Although Shen did not expressly consent to try the set-off issue, the issue was tried by implied consent in this case. On cross-examination, Shen, without objection, testified he received the refund from withholding taxes from the Taiwanese government. He testified that it was Daly's money and amounted to $6700. Additionally, Shen acknowledged he owes Daly the money. The fact that the money is owed is not disputed. Therefore, we find the court abused its discretion and Daly is entitled to the set-off.
F. Attorney's Fees
Daly asserts the district court erred in awarding Shen attorney's fees for the action in Taiwan and for this action. Under Nebraska law, attorney's fees are only proper if they are permitted by statute or by uniform practice. See Quinn v. Godfather's Inv., Inc., 217 Neb. 441, 348 N.W.2d 893, 894 (1984). Furthermore, "[a]s a general rule of practice in [Nebraska], attorneys' fees are allowed to the successful party in litigation only where such allowance is provided by statute." Id. at 895. There is no Nebraska statute authorizing attorney's fees for a breach of fiduciary duty. Therefore, the district erred in awarding attorney's fees for this action.
However, the bar on attorney's fees only applies in the very case being litigated. See Zimmerman v. FirsTier Bank, N.A., 255 Neb. 410, 585 N.W.2d 445, 454 (1998). It would not apply to the award of attorney's fees for the action in Taiwan because that award, in essence, is compensatory. Nebraska courts have held that attorney's fees are recoverable as compensatory damages when a person, damaged by a tort, was required to bring a suit against a third person to protect his interests. See Tetherow v. Wolfe, 223 Neb. 631, 392 N.W.2d 374, 379 (1986). A person who commits a breach of fiduciary duty is guilty of tortious conduct. See Restatement (Second) of Torts § 874 cmt. b (1979). Daly's breach of the covenant of good faith and fair dealing is a breach of fiduciary duty. And, although Shen sued Daly in the action in Taiwan, he was required to bring his suit to protect his interest and have the travel restriction lifted. Therefore, the attorney's fees awarded for the suit in Taiwan were proper as an element of damages for breach of fiduciary duty.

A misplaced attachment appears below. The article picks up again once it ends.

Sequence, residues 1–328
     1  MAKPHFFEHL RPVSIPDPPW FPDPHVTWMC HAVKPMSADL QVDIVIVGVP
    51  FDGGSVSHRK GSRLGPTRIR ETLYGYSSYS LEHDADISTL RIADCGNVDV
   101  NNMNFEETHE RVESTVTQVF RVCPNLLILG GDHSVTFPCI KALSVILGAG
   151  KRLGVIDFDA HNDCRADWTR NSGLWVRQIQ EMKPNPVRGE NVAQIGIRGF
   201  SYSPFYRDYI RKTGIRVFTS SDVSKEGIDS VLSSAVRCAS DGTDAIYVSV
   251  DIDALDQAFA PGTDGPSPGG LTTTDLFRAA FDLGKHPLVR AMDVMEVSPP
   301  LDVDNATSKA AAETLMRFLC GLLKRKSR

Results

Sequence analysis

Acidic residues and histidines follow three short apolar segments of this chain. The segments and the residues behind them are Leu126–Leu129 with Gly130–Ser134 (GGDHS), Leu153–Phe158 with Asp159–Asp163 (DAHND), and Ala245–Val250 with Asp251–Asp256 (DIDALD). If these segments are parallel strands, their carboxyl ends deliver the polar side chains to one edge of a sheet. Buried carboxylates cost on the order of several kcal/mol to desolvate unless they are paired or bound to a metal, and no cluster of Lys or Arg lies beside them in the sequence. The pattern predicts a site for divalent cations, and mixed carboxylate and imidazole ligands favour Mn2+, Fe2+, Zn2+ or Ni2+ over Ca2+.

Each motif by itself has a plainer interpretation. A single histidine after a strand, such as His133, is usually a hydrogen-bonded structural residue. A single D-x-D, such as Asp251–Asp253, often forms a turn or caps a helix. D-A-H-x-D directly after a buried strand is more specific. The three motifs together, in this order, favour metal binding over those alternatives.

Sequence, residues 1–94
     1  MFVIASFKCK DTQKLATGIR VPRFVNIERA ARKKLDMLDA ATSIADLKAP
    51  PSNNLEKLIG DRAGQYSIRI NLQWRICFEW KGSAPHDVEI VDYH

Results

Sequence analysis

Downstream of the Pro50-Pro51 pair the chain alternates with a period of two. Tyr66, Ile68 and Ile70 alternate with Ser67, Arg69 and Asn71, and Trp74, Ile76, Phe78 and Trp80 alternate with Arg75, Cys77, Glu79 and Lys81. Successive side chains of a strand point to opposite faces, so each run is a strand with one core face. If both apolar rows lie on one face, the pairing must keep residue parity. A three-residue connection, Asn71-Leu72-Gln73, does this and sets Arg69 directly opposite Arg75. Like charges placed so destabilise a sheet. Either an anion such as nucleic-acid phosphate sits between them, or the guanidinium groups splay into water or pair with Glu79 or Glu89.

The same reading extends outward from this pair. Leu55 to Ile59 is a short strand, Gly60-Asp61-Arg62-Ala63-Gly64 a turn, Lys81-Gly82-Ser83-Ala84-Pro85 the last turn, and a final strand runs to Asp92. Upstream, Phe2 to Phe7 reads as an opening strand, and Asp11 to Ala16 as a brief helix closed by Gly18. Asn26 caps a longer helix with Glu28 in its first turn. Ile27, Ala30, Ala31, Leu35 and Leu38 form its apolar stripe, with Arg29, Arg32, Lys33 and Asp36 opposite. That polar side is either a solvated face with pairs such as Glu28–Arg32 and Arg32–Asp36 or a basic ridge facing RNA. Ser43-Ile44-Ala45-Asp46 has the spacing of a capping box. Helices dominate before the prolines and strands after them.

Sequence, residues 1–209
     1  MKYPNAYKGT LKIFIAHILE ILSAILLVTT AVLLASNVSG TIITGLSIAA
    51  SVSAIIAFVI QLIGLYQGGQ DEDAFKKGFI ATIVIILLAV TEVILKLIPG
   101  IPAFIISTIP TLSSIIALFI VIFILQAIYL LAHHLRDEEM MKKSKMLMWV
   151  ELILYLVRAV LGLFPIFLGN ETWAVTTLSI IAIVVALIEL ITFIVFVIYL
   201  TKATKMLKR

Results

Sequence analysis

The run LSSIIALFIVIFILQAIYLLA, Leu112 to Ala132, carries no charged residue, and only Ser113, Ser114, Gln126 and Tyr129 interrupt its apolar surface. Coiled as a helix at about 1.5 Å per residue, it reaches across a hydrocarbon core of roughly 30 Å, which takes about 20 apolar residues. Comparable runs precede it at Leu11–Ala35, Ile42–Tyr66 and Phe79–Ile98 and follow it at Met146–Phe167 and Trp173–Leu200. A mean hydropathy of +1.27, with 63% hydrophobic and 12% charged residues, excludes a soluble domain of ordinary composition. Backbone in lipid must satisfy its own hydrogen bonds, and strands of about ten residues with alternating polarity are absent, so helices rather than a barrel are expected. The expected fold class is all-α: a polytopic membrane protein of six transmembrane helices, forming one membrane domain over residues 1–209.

Shen contends the district court should have awarded him compensatory damages for the breach of the covenant of good faith and fair dealing. We review the district court's damage award for an abuse of discretion. See Johnson v. Cowell Steel Structures, Inc., 991 F.2d 474, 476 (8th Cir.1993). Under Nebraska law, "[t]he amount of damages to be awarded is a determination solely for the fact finder, and its action in this respect will not be disturbed on appeal if it is supported by evidence and bears a reasonable relationship to the elements of the damages proved." Seeber v. Howlette, 255 Neb. 561, 586 N.W.2d 445, 449 (1998). We find the record supports the district court's award of attorney's fees for the action in Taiwan as damages for the breach of the covenant of good faith. Thus, we find no abuse of discretion by the district court.
Accordingly, we affirm the judgment of the district court with respect to injunctive  relief and damages. We reverse the judgment of the district court on the issue of set-off and reverse in part on the issue of attorney's fees. This action is remanded to the District Court for an entry of judgment in accordance with this opinion.